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Follow the Blue Bottle Coffee Cart

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Ramblings of the Blue Bottle Coffee Cart

How it rolled here, there, and back to where it started
at the Temescal Farmers’ Market

 

By Cheryl Angelina Koehler

Summer 2006: Rockridge and Temescal residents are in a swoon as Urban Village Farmers’ Market Association brings them their own neighborhood farmers’ market. There in Oakland’s DMV parking lot at the corner of Claremont Avenue and Cavour Street, James Freeman sets up his Blue Bottle Coffee cart among the vendors. Market patrons are heard muttering, “I can’t believe I’m standing in this long line for a cup of coffee.” They do it for the exceptional brew and the conviviality. On reaching the front of the line, they get to marvel at Freeman’s patented “brew bar,” which helps his baristas execute multiple pour-overs at once to keep the line moving.

2012: Ruth “Ruthie” Knudsen and James Parrish become friends while serving as Blue Bottle baristas at the markets and at the company’s Jack London Square roastery, headquarters, and café. Parrish works his way into a production role in the Blue Bottle roastery, where, among other things, he learns from Freeman about the value in treating people right. “The hospitality a coffee company offers its customers should extend through the work environment to staff as well as the various vendors we interact with,” says Parrish.

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June 2014: Overcome by an entrepreneurial urge, Parrish goes to Ann Arbor, Michigan, to seek wisdom from maverick businessman Ari Weinzweig, founder of Zingerman’s Delicatessen. He then visits 26 independent coffee roasters on an epic journey home. “I called Ruthie, and she told me to stay at her mom’s house in North Dakota,” he says. That’s when the two find themselves discussing more ways they might work together toward realizing their independent coffee business dreams. Parrish launches Rhetoric Coffee, a roasting business he operates out of CoRo, a collaborative workspace in Berkeley. He retails his beans by subscription, and, strangely, finds his customer base in the Midwest.

May 2015: The Blue Bottle Coffee cart has its final day at the Temescal Farmers’ Market. Barista Cate Maxon purchases the main cart, but the espresso apparatus is sold off to a third party. Knudsen says to Maxon, “I want first dibs if you ever decide to sell the cart.” Maxon hauls it to Reno, Nevada, where she runs a farmers’ market coffee service through the summer. She then tows it to Portland, Oregon, and stores it for a year as she pursues her education.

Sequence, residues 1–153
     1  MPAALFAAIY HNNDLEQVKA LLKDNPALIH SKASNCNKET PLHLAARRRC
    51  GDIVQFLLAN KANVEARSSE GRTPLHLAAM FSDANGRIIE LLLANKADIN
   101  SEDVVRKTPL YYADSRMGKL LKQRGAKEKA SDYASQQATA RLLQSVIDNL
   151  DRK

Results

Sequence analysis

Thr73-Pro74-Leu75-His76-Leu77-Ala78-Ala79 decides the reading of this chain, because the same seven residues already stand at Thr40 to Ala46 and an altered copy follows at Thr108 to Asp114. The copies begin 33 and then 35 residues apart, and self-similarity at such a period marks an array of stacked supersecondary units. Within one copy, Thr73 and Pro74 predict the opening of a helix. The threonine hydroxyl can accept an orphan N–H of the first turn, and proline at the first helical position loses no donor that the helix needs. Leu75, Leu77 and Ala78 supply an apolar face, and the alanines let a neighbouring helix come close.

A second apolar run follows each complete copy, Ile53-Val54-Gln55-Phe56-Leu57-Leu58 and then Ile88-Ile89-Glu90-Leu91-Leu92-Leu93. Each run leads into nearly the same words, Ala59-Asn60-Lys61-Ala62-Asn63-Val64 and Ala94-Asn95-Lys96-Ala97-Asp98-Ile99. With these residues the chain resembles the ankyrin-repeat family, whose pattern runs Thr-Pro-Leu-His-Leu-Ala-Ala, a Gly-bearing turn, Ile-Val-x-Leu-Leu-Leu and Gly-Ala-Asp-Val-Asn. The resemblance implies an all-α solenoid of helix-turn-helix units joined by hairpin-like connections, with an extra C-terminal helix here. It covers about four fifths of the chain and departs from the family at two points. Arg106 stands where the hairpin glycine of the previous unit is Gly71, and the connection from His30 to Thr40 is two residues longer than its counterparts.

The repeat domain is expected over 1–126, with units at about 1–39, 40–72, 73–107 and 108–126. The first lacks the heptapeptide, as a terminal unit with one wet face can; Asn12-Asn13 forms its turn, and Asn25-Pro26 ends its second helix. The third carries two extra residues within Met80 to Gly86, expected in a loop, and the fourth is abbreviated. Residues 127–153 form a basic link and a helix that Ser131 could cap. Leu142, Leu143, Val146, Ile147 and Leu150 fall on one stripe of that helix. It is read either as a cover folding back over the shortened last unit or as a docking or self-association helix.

Fall 2016: Hearing from Maxon that she wants to sell the cart, Knudsen scrapes together the funds to buy it and tows it to Nevada City, California. Knudsen later locates the cart’s original espresso apparatus, also in Portland, and by some miracle, it’s available for purchase.

May through November 2017: Knudsen serves coffee from the reassembled cart at the Nevada City Farmers’ Market, calling her business Outside Coffee.

Right: Ruthie gets Nevada City Farmers’ Market customers revved up with Outside Coffee  in 2017 and 2018. Left: Cate Maxon (left) passes the cart to Ruthie Knudsen in 2016.
Right: Ruthie gets Nevada City Farmers’ Market customers revved up with Outside Coffee in 2017 and 2018. Left: Cate Maxon (left) passes the cart to Ruthie Knudsen in 2016.

2018: Knudsen runs Outside Coffee through a second season in Nevada City, but she hears the sirens calling her back to the East Bay. The lure is greater economic opportunity, but she realizes she also misses the camaraderie and mutual support with fellow coffee professionals like her friend James Parrish. In their conversations, she and Parrish learn each has something the other is missing from their coffee business equation: Knudsen needs good roasts to serve from her cart, and Parrish seeks a venue for showcasing Rhetoric Coffee to local customers.

January 21, 2019: Knudsen hitches up the old cart and hauls it back to Oakland.

February 3, 2019: Knudsen and Parrish have the cart all polished up and ready for their first day of service as Rhetoric Outside at the Temescal Farmers’ Market. Those in the know recognize James Freeman’s original Blue Bottle cart, now serving newly inspired roasts brewed with the latest in mobile coffee-making equipment. Nobody complains about standing in a long line for a cup of coffee. ♦

Publisher, editor, and designer Cheryl Angelina Koehler launched this magazine in 2005 in conjunction with Edible Communities co-founders Tracey Ryder and Carole Topalian. She is the author of Touring the Sierra Nevada, published by University of Nevada Press in 2007.

James and Ruthie with 
their newly polished cart, all ready for Rhetoric Outside’s first day of coffee service at the Temescal Farmers’ Market, February 3, 2019.
James and Ruthie with their newly polished cart, all ready for Rhetoric Outside’s first day of coffee service at the Temescal Farmers’ Market, February 3, 2019.
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